My wife used to run an after-school program for elementary school kids. She got first-rate training in that job, with most ideas boiled down to a single sentence one could remember when up to one’s eyeballs in third-graders. One such lesson was this:

Don’t pick up the rope.

As in, when a child tries to initiate a power struggle with you, visualize a game of tug-of-war. And don’t pick up your end of the rope.

It turns out this is good advice for communicating with adults, too. While adult life does feature the occasional power struggle, the message here is more general: we don’t have to respond to all incoming communication, especially if it wasn’t sent in good faith.

We communicate all day long, and most of that communication is pleasant and constructive. But some is not. We have all been the recipient of a passive-aggressive email or snarky face-to-face comment. Is a response required? I don’t know about you, but I feel uneasy letting anything go unanswered.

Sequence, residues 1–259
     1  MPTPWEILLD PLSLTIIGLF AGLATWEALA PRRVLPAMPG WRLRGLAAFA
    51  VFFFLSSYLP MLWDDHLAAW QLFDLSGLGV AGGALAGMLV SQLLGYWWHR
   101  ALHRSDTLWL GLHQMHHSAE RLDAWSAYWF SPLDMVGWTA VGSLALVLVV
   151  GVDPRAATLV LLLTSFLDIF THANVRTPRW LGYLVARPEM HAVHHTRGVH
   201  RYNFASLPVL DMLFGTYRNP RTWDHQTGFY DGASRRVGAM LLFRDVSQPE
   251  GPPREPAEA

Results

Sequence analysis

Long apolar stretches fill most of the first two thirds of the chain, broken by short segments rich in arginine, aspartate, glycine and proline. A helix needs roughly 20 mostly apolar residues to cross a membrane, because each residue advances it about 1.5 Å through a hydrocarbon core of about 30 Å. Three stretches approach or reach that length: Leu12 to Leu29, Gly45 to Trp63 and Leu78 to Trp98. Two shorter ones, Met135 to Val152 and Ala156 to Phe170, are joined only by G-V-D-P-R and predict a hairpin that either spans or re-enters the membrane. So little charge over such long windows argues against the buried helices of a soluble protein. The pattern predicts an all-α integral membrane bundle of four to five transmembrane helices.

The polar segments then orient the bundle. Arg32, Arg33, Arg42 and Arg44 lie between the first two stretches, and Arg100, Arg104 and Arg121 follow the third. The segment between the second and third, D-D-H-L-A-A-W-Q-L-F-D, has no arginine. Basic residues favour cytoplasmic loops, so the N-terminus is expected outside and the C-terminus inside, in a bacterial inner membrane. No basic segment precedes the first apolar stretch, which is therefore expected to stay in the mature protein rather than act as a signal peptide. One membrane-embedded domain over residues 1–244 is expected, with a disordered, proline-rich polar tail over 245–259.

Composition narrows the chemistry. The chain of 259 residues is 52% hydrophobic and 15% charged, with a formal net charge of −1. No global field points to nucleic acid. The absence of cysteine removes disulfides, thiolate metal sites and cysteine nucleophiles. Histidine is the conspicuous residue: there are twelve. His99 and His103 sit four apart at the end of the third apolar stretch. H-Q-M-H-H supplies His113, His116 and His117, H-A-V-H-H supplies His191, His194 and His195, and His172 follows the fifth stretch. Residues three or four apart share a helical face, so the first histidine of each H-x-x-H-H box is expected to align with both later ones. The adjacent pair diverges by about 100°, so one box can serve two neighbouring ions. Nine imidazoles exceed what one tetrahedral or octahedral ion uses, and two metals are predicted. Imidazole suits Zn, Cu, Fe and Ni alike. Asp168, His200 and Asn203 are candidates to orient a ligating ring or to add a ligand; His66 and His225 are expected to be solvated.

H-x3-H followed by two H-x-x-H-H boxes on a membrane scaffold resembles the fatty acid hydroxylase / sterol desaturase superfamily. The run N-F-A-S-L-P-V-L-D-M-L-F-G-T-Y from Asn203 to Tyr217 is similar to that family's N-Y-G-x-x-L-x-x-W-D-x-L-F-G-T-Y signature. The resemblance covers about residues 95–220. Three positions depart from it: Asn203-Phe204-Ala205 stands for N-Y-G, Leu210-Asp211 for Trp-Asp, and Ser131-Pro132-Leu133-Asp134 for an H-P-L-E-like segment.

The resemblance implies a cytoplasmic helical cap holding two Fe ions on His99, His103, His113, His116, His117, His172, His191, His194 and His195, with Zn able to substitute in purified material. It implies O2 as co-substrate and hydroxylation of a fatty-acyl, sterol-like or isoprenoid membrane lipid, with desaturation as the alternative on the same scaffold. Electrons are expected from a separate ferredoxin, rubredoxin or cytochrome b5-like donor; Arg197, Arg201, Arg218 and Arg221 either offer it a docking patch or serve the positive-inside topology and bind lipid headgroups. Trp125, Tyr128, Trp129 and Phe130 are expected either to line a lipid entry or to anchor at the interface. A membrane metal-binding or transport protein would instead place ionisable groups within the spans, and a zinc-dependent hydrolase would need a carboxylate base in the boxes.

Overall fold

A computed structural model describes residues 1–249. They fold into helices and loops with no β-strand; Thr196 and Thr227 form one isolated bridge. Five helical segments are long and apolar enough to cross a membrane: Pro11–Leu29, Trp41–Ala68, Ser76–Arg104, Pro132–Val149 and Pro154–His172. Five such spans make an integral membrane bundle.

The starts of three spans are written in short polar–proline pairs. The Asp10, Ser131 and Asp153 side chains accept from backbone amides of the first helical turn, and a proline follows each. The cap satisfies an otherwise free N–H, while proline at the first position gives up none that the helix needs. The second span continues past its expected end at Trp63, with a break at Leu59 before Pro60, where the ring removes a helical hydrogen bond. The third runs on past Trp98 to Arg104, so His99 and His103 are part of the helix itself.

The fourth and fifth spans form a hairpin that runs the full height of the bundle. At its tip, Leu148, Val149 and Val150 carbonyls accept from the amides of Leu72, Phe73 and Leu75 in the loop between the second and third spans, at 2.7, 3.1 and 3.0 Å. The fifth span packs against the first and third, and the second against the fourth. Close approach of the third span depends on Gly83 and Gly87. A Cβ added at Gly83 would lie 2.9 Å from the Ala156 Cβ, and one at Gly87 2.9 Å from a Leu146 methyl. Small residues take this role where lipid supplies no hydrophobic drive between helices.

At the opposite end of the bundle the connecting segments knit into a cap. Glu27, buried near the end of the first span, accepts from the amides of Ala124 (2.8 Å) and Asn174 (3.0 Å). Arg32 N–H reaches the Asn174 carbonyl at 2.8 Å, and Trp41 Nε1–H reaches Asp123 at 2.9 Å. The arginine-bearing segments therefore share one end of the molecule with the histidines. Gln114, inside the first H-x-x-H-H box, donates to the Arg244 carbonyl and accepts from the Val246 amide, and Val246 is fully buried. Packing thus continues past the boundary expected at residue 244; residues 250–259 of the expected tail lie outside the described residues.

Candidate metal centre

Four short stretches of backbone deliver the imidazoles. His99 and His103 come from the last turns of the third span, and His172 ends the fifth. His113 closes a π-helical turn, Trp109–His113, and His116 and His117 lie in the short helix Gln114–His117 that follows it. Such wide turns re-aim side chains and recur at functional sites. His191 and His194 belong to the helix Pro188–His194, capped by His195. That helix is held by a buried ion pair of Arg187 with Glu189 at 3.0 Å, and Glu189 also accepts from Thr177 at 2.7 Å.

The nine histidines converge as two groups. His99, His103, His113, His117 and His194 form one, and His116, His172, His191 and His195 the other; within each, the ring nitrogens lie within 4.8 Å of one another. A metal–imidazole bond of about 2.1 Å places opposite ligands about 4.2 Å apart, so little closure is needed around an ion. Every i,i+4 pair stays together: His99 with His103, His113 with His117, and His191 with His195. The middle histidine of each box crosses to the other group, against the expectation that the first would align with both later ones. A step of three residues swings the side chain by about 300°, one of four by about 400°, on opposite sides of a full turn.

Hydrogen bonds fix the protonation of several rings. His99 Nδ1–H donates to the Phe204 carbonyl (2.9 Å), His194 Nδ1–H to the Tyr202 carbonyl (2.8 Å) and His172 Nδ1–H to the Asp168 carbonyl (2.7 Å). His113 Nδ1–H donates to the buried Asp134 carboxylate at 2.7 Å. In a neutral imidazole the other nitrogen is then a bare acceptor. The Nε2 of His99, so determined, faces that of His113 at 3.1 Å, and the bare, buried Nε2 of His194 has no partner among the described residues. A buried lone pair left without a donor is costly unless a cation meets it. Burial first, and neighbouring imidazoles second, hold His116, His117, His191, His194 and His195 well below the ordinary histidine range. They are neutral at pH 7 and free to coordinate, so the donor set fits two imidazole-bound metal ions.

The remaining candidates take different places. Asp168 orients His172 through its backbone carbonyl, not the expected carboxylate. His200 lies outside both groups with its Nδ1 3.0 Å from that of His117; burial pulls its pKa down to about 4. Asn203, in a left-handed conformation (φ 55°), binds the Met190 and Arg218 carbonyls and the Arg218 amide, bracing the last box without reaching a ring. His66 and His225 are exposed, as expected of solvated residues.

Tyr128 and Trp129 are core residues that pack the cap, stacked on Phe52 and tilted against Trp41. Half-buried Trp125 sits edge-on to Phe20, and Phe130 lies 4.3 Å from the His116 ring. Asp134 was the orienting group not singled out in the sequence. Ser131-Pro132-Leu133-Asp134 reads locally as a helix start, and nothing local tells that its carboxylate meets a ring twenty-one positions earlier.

Yet watch someone who’s a real pro at communication—a veteran politician, a career public administrator, a grizzled after-school program director—and you’ll see that person picking their battles, responding strategically, and generally using communication as a tool to achieve their goals.

Silence is an option, and so is a delayed response. Have the discipline to pause and think.

Don’t pick up the rope.